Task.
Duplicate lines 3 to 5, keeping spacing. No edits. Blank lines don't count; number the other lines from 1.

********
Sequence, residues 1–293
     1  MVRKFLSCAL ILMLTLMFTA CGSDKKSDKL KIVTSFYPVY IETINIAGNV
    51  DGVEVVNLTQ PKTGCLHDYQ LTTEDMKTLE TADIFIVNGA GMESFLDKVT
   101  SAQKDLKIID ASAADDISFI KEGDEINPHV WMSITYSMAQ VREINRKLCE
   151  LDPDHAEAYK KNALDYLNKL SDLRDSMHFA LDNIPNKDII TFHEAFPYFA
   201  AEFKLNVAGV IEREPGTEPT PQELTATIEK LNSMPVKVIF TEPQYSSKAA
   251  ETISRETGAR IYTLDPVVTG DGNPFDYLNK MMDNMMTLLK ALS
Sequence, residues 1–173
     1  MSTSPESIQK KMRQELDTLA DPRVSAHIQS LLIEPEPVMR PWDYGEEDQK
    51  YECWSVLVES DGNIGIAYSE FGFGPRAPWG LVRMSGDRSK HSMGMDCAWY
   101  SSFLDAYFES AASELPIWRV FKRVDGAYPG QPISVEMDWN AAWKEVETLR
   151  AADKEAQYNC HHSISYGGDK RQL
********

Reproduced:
    51  DGVEVVNLTQ PKTGCLHDYQ LTTEDMKTLE TADIFIVNGA GMESFLDKVT
   101  SAQKDLKIID ASAADDISFI KEGDEINPHV WMSITYSMAQ VREINRKLCE
   151  LDPDHAEAYK KNALDYLNKL SDLRDSMHFA LDNIPNKDII TFHEAFPYFA